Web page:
There are a number of explanations for this, including the absence in Wales of a distinctive institutional framework which nationalists could present as the basis of a separate Welsh state and, of course, the lower baseline of support for secession.

The decisive factor, however, has been Welsh Labour’s willingness to differentiate itself from the Labour Party in London. In 2000, Alun Michael, a Tony Blair appointee, was deposed as first minister (or secretary, as the post was called then) for Rhodri Morgan, the preferred candidate of the party’s grassroots. Morgan went on to deliver a speech attacking Blair’s programme of public service modernisation and pledging to put “clear red water” between his administration and the London government.

The perception that Welsh Labour was more than merely a satellite of British Labour chimed with an increasingly assertive sense of Welsh national identity, which in turn worked to limit the appeal of Plaid Cymru at a time of growing popular discontent with the New Labour project.

Conversely, Scottish Labour’s revolt against Blairism was short-lived. When Henry McLeish attracted media criticism over an expenses scandal in 2001, he found himself isolated within the Labour MSPs group at Holyrood. One reason his colleagues failed to back him was that he had recently defied Blair over the issue of free personal care for the elderly. Following McLeish’s departure, the post of First Minister was handed to a more compliant substitute, Jack McConnell. A few years later, a resurgent SNP was able to capitalise on the perception that McConnell hadn’t lived up to Scots’ aspirations for their new parliament.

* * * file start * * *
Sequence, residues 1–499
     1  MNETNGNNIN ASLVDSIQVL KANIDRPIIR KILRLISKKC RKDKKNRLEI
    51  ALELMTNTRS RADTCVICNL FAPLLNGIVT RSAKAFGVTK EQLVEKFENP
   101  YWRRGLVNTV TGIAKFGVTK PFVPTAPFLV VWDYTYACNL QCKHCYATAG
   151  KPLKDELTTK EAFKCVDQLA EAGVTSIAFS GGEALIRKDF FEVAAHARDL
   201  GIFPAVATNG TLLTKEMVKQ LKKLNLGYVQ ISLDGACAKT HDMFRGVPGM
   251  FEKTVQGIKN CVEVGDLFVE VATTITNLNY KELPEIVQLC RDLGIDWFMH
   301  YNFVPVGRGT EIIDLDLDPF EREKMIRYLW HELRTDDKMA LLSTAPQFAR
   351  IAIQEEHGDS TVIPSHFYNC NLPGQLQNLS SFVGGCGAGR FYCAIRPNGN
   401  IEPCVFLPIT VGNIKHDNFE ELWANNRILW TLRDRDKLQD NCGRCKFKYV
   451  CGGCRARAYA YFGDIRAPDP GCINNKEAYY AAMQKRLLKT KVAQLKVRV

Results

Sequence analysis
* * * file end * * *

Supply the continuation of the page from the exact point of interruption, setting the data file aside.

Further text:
Conscious of Labour’s experience in Scotland, Carwyn Jones – Rhodri Morgan’s successor – has been eager to stay abreast of Welsh aspirations. Jones has joined Wood in calling for a constitutional convention to examine ways of making the British political system more responsive to the needs of the Celtic fringes. One of his suggestions is for the House of Commons “to be balanced by a new upper house with equal representation from England, Wales, Northern Ireland and Scotland”.

Jones adopted this proposal from Conservative AM David Melding, the deputy presiding officer of the Welsh Assembly, and one of the UK’s foremost advocates of federalism.

Melding told me: “A federal approach would apportion sovereignty between the home nations at one level and the UK state at another, so the same rules would apply to all parts of the country. You couldn’t then argue that Scotland and Wales were second-class members of the UK.”

Without far-reaching reform of this sort, Melding fears Scotland’s departure from the UK will be hastened, leaving Wales facing what he calls an “immediate existential challenge”. He said: “It would be a very, very junior partner in any continuing union. It would be difficult to see how Britishness could be projected. Independence would become a more feasible proposition to some [Welsh] people.”

The belief that Scottish independence could trigger a separatist domino effect across Europe – starting with Wales (or perhaps even Northern Ireland) then spreading out to Catalonia and the Basque Country – appears to have grown in prominence among unionists of late. Its most enthusiastic exponent is Lord George Robertson, who envisions a Europe “Balkanised” by an independent Scotland’s entry into the European Union.

But the theory overlooks one key point: ultimately, nationalist movements operate according to their own specific, local dynamics, even when they exist in close proximity to one another. Nothing illustrates this more clearly than the contrasting fortunes of Plaid Cymru and the SNP over the last five or six years.

James Maxwell is a London-based Scottish political journalist